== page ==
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Mormonism and the Occult?

by Michael T. Griffith

Joseph Smith, Seer Stones, and Divining Rods

Anti-Mormons claim that Joseph Smith and other early LDS leaders were involved in occultic practices. As evidence for this assertion, they point out, for example, that Joseph Smith used a seer stone to translate parts of the Book of Mormon. They also maintain that Joseph Smith and Oliver Cowdery believed in and used divining rods.

Were early Mormon leaders involved in the occult? In large part, the answer to this question depends on how one defines the word "occult." For instance, if one sees Joseph Smith's seer stone as evidence of a connection with the "occult," how does that person explain the Old Testament Urim and Thummim, which consisted of two divining stones carried in a breastplate? (The stones were used to determine God's will.) If we are to reject Mormonism as "occultic" because some of its early leaders might have experimented with divining rods, what do we say about the supernatural rods of Aaron and Jacob?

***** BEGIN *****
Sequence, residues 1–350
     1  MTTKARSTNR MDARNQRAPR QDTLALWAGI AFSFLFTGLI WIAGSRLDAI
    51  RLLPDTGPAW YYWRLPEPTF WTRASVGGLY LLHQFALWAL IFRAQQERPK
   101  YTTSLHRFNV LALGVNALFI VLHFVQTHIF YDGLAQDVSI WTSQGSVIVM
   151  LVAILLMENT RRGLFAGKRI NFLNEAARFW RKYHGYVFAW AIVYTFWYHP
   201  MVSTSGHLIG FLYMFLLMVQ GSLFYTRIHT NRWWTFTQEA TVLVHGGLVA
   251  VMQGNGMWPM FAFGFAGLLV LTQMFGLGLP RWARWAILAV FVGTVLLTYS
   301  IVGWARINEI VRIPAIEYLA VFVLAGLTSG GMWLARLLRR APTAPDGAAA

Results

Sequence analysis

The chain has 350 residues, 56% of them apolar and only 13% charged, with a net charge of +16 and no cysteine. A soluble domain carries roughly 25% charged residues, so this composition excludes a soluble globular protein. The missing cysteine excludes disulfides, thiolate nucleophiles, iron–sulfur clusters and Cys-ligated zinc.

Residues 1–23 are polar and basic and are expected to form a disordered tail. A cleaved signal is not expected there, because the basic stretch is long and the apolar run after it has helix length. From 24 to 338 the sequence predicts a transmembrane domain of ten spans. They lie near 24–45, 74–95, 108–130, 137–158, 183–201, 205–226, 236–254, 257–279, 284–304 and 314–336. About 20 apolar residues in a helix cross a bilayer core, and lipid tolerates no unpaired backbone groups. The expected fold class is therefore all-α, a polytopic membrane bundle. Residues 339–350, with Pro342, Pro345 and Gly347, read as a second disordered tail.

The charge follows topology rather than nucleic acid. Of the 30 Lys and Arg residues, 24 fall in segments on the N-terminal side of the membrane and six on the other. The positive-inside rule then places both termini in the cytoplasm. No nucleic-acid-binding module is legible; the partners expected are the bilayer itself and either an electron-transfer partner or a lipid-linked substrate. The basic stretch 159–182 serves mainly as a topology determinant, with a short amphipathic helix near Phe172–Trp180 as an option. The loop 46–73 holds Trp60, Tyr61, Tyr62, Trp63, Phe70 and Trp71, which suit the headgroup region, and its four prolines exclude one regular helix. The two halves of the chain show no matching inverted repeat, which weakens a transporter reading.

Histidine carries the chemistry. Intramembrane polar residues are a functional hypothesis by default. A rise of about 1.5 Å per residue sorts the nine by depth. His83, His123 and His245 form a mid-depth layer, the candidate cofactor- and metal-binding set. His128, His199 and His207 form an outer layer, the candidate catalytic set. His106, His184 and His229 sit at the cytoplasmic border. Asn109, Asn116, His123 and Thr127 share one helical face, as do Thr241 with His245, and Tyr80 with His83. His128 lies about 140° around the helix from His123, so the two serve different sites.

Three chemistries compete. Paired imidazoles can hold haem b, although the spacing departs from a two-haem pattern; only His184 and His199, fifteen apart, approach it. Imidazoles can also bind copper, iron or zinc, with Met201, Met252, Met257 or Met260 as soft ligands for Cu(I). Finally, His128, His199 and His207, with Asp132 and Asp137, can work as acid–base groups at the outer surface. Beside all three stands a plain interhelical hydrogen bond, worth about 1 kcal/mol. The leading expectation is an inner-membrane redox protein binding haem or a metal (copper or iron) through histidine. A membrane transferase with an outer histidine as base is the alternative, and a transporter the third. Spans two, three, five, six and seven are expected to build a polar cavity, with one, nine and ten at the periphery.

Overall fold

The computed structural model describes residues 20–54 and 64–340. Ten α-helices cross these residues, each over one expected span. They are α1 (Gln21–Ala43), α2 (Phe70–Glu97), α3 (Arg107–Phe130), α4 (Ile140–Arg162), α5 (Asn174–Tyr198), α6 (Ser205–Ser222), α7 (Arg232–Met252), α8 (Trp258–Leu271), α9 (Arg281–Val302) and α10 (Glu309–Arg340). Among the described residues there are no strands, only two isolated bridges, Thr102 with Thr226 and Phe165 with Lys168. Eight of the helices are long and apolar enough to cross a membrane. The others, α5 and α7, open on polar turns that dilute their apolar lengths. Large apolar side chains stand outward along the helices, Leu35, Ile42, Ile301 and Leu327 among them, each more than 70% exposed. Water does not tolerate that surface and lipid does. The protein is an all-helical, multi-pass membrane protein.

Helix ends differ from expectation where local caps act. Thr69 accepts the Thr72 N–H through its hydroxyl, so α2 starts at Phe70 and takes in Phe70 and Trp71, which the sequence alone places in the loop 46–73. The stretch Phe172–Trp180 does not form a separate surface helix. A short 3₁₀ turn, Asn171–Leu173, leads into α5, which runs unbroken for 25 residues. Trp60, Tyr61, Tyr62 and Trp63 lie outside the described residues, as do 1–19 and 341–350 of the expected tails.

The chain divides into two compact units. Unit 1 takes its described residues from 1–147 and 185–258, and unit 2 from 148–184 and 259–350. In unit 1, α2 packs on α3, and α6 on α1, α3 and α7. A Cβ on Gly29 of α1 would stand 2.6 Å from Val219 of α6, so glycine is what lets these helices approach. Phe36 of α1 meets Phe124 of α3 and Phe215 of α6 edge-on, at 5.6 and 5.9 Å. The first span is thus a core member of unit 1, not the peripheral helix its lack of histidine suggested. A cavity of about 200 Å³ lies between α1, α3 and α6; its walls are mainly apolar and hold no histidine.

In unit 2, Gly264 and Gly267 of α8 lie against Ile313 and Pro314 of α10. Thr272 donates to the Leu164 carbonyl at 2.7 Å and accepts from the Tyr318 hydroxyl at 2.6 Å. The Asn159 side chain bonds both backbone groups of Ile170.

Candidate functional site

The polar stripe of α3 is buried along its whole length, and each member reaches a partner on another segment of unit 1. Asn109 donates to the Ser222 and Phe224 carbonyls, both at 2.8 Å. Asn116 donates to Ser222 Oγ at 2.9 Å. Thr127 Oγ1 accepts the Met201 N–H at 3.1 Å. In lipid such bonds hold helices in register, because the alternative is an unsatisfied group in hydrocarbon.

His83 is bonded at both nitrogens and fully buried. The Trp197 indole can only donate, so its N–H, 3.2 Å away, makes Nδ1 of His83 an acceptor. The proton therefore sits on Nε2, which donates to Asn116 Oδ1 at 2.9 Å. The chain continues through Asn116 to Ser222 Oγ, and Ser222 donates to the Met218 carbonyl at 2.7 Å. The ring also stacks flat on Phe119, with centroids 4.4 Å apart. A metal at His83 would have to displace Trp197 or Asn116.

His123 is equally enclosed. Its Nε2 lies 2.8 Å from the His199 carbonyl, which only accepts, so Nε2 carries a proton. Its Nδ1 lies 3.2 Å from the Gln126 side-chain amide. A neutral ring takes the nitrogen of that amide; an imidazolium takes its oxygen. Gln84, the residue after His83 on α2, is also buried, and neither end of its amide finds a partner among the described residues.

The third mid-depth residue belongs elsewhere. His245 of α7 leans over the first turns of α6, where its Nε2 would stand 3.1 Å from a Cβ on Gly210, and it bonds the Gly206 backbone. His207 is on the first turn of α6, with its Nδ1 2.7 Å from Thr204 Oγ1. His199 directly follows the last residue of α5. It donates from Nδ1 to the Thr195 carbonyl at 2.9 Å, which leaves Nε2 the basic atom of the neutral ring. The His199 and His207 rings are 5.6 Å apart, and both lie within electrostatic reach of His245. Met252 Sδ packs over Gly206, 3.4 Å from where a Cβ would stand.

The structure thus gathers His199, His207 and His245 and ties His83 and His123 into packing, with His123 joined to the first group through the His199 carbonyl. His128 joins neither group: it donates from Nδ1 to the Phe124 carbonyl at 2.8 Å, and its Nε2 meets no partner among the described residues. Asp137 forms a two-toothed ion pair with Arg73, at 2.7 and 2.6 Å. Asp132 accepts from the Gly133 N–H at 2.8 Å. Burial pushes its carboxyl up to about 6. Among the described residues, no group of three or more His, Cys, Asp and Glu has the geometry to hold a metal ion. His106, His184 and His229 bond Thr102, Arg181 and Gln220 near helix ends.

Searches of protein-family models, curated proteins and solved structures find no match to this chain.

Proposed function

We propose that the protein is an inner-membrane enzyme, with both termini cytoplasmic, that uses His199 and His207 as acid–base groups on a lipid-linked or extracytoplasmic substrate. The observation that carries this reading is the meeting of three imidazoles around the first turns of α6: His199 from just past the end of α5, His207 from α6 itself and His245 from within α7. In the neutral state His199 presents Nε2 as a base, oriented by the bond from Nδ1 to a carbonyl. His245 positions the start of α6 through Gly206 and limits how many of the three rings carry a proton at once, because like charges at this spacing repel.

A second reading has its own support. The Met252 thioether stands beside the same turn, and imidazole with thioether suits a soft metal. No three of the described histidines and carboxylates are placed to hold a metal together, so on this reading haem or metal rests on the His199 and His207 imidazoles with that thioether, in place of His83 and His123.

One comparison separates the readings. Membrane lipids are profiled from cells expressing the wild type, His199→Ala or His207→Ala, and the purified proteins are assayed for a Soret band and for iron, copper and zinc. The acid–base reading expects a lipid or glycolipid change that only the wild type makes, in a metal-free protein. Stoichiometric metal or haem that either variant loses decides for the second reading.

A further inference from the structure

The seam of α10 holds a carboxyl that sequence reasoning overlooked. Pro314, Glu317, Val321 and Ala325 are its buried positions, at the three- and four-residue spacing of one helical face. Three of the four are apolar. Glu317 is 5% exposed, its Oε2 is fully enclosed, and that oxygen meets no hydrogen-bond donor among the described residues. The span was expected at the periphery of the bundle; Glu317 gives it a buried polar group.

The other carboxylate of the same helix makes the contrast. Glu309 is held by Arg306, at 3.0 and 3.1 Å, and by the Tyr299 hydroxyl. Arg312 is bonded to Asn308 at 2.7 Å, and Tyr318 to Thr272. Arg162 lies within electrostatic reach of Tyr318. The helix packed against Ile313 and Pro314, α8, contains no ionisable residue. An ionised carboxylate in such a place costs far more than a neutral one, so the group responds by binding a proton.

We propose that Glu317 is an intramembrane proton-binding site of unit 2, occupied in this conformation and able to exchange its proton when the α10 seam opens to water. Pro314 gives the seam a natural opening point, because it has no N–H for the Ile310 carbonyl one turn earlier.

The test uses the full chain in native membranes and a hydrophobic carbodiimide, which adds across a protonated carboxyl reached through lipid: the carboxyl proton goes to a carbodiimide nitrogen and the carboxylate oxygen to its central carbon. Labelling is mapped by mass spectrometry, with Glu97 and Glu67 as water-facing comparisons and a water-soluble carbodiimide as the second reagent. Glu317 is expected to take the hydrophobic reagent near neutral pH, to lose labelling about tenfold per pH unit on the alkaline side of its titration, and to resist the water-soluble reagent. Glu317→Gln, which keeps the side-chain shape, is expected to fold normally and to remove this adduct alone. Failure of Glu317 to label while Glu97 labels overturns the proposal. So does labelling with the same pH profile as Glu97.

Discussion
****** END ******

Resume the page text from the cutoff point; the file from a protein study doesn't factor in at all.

Anti-Mormon writers don't seem to realize that the charge of occultism can be leveled against several Bible prophets with far more devastating results. In fact, atheistic critics have attacked the Bible precisely on this basis. Ancient pagan and Jewish critics accused the early Christians of using magic and sorcery. When fundamentalist anti-Mormons accuse Mormonism of occultism, they are repeating the same charge that was leveled against the early Christians, and for many of the same reasons.

Occultism in the Bible?

There are numerous biblical items and events which can and have been labeled as "occultic." Here are a few of them:

These examples illustrate the fact that sometimes the line between "magic" and "divine power," and between the "occult" and "religion," can be very hard to draw. What might appear to be "occultic" to one person could be viewed by someone else as a legitimate manifestation of divine power. God sometimes manifests his might in ways that seem strange to us. He can also choose to adopt contemporary practices as vehicles for performing miracles (such as when the Savior used spittle and clay to heal the blind man).


The charge of "Mormon occultism" evaporates when it is examined in the proper biblical perspective. Early Mormon leaders were no more involved in the occult than were Aaron, Joseph of Egypt, or the apostles.

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